On Thu, Sep 22, 2016 at 3:44 PM, Andy Lutomirski <l...@amacapital.net> wrote:
> On Fri, Sep 16, 2016 at 7:00 PM, Jann Horn <j...@thejh.net> wrote:
>> On Tue, Sep 13, 2016 at 02:29:29PM -0700, Andy Lutomirski wrote:
>>> This will prevent a crash if get_wchan() runs after the task stack
>>> is freed.
>> I think I found some more stuff. Have a look at KSTK_EIP() and KSTK_ESP(), I 
>> think
>> they read from the saved userspace registers area at the top of the kernel 
>> stack?
>> Used on remote processes in:
>>   vma_is_stack_for_task() (via /proc/$pid/maps)
> This isn't used in /proc/$pid/maps -- it's only used in
> /proc/$pid/task/$tid/maps.  I wonder if anyone actually cares about it
> -- it certainly won't work reliably.
> I could pin the stack in vma_is_stack_for_task, but it seems
> potentially better to me to change it to vma_is_stack_for_current()
> and remove the offending caller in /proc, replacing it with "return
> 0".  Thoughts?

The history here is strange:

Before March 2012, we used to only consider the "stack" of the mm --
that is, the VMA that the mm actually treats as a stack.  Then:

commit b76437579d1344b612cf1851ae610c636cec7db0
Author: Siddhesh Poyarekar <siddhesh.poyare...@gmail.com>
Date:   Wed Mar 21 16:34:04 2012 -0700

    procfs: mark thread stack correctly in proc/<pid>/maps

and we did something extra horrible to try to find out whose stack was
where.  This got partially reverted by:

commit 65376df582174ffcec9e6471bf5b0dd79ba05e4a
Author: Johannes Weiner <han...@cmpxchg.org>
Date:   Tue Feb 2 16:57:29 2016 -0800

    proc: revert /proc/<pid>/maps [stack:TID] annotation

and now we're in the current situation where it's fast but still racy.

Any objection if I finish reverting the patch and restore the pre-2012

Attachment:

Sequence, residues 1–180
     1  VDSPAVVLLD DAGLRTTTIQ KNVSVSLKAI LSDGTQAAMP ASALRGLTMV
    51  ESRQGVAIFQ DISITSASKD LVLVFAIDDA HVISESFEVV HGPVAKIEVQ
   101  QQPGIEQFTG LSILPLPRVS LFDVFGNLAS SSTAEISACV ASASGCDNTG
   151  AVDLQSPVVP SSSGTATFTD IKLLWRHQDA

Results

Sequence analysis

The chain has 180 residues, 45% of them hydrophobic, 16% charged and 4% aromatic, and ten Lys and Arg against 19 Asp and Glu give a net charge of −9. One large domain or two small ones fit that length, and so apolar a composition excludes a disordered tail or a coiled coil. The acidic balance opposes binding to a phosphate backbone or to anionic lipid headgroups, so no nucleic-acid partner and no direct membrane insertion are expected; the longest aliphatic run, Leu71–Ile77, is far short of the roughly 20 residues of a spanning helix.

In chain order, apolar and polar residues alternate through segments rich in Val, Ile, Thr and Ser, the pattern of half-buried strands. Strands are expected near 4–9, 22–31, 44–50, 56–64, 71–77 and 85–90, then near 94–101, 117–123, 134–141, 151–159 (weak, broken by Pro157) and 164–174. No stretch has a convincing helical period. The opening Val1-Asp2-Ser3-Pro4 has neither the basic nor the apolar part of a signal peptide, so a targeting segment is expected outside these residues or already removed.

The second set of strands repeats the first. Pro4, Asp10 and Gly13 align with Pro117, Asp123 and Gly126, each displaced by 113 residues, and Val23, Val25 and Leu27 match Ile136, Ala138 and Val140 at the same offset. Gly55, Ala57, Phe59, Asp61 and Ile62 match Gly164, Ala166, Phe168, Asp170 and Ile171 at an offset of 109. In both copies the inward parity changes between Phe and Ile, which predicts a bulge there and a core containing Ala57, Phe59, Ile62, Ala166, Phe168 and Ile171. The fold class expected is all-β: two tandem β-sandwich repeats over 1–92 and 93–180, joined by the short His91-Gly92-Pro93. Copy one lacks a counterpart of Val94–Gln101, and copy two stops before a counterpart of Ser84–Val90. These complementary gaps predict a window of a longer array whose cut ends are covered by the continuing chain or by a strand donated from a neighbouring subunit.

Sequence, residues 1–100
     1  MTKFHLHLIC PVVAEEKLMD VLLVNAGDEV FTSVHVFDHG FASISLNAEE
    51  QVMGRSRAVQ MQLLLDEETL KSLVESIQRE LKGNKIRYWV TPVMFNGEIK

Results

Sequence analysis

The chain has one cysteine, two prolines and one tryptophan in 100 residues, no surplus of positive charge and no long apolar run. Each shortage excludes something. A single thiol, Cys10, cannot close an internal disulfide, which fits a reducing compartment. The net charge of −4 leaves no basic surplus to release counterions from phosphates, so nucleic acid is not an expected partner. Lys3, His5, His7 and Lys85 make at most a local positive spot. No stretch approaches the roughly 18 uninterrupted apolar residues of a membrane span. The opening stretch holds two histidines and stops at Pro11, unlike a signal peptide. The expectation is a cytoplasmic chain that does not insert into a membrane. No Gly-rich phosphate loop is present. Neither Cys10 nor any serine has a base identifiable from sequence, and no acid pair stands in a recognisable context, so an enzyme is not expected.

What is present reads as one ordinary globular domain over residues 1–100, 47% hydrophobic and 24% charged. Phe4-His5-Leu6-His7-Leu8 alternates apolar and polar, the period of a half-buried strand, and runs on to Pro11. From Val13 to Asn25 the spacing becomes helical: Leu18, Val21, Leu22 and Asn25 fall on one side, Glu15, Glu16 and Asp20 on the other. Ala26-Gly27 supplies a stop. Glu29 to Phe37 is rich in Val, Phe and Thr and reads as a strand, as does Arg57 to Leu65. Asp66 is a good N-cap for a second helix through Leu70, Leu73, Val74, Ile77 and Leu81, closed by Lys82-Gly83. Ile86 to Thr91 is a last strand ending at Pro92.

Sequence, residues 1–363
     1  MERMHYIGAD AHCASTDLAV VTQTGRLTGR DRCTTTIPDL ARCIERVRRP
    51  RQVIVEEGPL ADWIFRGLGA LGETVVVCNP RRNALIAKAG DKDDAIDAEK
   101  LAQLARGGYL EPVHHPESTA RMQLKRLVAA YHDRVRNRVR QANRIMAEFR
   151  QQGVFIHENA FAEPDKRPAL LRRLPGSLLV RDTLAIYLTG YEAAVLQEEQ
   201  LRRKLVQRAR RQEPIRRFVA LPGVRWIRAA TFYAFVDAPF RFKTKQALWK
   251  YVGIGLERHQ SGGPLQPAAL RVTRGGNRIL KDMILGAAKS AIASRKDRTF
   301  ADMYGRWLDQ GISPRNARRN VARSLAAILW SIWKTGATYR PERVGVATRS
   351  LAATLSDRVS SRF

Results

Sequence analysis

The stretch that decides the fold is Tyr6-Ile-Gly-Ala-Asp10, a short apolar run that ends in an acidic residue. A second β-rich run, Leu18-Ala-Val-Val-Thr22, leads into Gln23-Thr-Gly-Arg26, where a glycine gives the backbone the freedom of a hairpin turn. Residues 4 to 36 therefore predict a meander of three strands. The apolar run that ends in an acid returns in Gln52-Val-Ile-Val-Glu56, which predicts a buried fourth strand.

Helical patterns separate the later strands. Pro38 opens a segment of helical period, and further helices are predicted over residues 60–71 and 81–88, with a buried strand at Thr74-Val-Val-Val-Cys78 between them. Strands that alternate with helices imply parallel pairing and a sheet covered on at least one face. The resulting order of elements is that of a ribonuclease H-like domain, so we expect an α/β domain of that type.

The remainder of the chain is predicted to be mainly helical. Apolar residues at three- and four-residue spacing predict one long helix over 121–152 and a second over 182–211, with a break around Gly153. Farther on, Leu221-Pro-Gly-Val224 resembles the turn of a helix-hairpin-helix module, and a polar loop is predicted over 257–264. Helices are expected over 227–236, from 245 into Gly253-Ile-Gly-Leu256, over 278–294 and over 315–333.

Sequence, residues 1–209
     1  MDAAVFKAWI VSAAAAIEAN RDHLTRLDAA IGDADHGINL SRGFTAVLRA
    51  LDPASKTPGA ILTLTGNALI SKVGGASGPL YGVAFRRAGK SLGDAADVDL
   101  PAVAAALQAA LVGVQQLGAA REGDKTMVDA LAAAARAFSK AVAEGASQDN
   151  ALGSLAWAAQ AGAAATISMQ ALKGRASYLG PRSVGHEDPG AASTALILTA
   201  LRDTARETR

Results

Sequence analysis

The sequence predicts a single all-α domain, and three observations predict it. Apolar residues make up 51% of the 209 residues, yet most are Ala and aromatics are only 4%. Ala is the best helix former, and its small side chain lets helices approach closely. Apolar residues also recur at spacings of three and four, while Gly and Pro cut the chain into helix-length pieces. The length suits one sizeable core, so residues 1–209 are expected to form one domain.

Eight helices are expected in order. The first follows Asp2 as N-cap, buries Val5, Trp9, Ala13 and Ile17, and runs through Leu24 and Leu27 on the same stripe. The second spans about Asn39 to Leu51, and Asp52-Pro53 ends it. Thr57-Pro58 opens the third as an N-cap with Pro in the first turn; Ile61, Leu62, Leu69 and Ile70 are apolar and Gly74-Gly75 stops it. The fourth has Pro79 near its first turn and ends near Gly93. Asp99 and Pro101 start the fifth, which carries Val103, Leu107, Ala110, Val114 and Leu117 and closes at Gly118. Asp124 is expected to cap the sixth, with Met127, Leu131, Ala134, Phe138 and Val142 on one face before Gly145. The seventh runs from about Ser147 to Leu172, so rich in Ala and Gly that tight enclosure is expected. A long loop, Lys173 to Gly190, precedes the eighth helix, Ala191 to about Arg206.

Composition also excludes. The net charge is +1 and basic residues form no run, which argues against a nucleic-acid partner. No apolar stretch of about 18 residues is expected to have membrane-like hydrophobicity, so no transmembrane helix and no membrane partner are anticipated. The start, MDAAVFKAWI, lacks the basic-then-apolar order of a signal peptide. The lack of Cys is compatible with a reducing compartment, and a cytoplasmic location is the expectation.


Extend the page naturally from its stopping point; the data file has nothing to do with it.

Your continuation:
behavior?  Frankly, I wouldn't mind trying to excise KSTK_EIP and
KSTK_ESP from the kernel entirely, to be replaced with
current_user_sp() and current_user_ip().  Having those macros around
seems likely to make people think they're safe to use.

>>   do_task_stat() (/proc/$pid/stat)
> Like this:
>         mm = get_task_mm(task);
>         if (mm) {
>                 vsize = task_vsize(mm);
>                 if (permitted) {
>                         eip = KSTK_EIP(task);
>                         esp = KSTK_ESP(task);
>                 }
>         }
> Can we just delete this outright?  It seems somewhere between mostly
> and entirely useless, and it also seems dangerous.  Until very
> recently, on x86_64, this would have been a potential info leak, as
> SYSCALL followed closely by a hardware interrupt would cause *kernel*
> values to land in task_pt_regs().  I don't even want to think about
> what this code does if the task is in vm86 mode.  I wouldn't be at all
> surprised if non-x86 architectures have all kinds of interesting
> thinks happen if you do this to a task that isn't running normal
> non-atomic kernel code at the time.
> I would advocate for unconditionally returning zeros in these two stat fields.


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